The 12-song, hour-long show also marked the live premiere of Sheeran’s new single, “Bad Habits,” which TikTok previewed exclusively the week before, and it has inspired more than 400,000 fan videos to date, the platform says.
Following the gig, Billboard spoke with Paul Hourican, TikTok’s U.K. head of music operations, Ed Howard, co-president of Atlantic Records U.K., and Emil Nava, an award-winning music video director. The three worked alongside director Hamish Hamilton on creating the record-breaking livestream. “We’ve really taken livestreaming vertical,” says Hourican, "and we've taken it to another level."
Billboard: When did conversations about this project first take place and what were your aims going into it?
Ed Howard: TikTok approached us earlier in the year and we loved the idea. The timing was perfect. Ed’s a football fan and he’s recently done a shirt sponsorship deal with Ipswich Town. There were so many things to like about it. [Ed Sheeran] played his last live shows in Ipswich two years ago and it’s going to be a while until anybody can see him really do that again. So, this was an opportunity for fans to see something they have been starved of for a long time. And also, to open it up to a whole new audience.
Paul Hourican: TikTok is native vertical app, so we wanted to make something that really maximized the space. So how do you capture all the grandeur, bells and whistles and excitement of a live show, but do it in vertical? We were really keen to present Ed and present the show in way where there's a familiarity to it for the TikTok community. But an incredible spectacle as well.
Emil Nava: The biggest thing we didn’t want to do was just make a [traditional] live show. The biggest challenge for all of us, including me, was understanding that we were creating in a totally new format.
BB: This was a show designed specifically for TikTok users. How did that shape and influence the production?
Emil Nava: We definitely came at it with a completely different TikTok point-of-view. The 9:16 [aspect ratio] framing of the phone is the biggest thing. Ed does big stadium shows, so it was about how do we create an intimate, yet epic platform for Ed’s performance? How can we give the audience these massive wow moments, but also take them all the way down to Ed sitting in the stands with just his guitar performing to you as if he was on a one-way Facetime or Zoom?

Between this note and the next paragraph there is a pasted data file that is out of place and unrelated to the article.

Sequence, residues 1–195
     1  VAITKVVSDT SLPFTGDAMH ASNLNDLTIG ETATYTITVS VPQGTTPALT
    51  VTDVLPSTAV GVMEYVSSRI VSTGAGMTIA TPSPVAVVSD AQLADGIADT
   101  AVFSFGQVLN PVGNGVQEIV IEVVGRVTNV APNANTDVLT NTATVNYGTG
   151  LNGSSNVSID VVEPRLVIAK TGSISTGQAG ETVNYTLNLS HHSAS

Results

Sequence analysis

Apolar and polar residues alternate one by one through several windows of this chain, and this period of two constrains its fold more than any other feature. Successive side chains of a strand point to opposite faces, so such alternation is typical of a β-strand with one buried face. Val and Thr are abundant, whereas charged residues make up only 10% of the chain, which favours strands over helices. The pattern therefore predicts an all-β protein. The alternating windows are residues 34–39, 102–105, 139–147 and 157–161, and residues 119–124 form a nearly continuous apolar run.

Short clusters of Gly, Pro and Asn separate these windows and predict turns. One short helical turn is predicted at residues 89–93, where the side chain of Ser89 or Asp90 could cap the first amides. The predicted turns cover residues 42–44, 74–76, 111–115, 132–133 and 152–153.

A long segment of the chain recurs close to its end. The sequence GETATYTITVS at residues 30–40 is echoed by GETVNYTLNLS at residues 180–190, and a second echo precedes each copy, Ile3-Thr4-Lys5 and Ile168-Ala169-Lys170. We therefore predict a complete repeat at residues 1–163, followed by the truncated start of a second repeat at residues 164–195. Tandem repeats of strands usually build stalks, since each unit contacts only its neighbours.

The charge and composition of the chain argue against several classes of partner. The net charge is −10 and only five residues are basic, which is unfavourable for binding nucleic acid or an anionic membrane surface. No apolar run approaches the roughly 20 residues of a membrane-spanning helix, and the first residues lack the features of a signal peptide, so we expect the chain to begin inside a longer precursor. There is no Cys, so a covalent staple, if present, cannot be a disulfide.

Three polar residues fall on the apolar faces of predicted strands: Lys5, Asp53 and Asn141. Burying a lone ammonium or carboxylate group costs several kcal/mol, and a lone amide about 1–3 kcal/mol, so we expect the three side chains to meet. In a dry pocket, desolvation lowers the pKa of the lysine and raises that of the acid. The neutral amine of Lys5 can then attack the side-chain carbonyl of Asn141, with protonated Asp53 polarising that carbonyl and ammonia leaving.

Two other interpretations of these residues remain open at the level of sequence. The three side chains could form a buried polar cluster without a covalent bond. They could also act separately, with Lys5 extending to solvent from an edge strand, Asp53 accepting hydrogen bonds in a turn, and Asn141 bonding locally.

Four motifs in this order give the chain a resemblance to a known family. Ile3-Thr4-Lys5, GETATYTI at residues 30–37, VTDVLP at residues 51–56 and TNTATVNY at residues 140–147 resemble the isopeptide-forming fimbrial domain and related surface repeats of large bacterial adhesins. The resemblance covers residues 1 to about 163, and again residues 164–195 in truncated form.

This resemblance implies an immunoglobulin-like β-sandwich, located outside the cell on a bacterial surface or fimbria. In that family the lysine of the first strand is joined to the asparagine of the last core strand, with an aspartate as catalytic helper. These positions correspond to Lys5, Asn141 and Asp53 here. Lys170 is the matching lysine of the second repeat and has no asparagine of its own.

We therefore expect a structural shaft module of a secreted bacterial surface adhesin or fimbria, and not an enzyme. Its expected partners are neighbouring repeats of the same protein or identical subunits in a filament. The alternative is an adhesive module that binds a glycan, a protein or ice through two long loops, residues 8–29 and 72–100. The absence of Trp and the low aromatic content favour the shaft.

Paul Hourican: This was an opportunity to educate Emil and Hamish on what the grammar of TikTok is and what the references are that the community will understand, such as the way that the camera swipes as opposed to cutting. When do we split the screen and when do we have intimacy with Ed? From there, Hamish and Emil just really ran with it. Emil had the crazy idea of having all these phones on the stage, so Ed could speak directly to the audience. They really just ran with it and created something awesome. We also spent a lot of time and effort bringing in some ground-breaking augmented reality that you have never seen before, particularly in a stadium environment.
Ed Howard: There’s no other artist in the world that could do that show the way that Ed did with all the different settings and changing from [full] band to solo; from being on the stage to being in the stands. It was really playing to his strengths. He really bought into all the fun that can be had on TikTok.
BB: Can you envisage elements of this show being incorporated into regular live gigs when touring resumes?
Paul Hourican: That’s going to be the really fun creative challenge for the next one. How do you maintain the intimacy of what is vertical video, but also continue to capture the excitement of a live audience?
Ed Howard: There’s loads of things about the show that I can see being applied to traditional or hybrid concerts. I think in the future, you’re going to be at a stadium show — as we were at Portman Road — seeing [Augmented Reality] and having a secondary or supplementary experience on your phone, while also watching what’s going on in the stadium. These are just additional layers that could be well be incorporated into stadium shows and concerts going forward.
BB: What were your personal highlights from the concert?
Emil Nava: I’ve always been a fan of “You Need Me, I Don’t Need You.” It was mine and Ed’s first ever video together and it was the beginning of our friendship and career. It was also the song that ended this show and Ed’s performance was just unreal. He grabs the camera phone during it and he’s literally performing to the audience down the phone. For me, that was an amazing moment.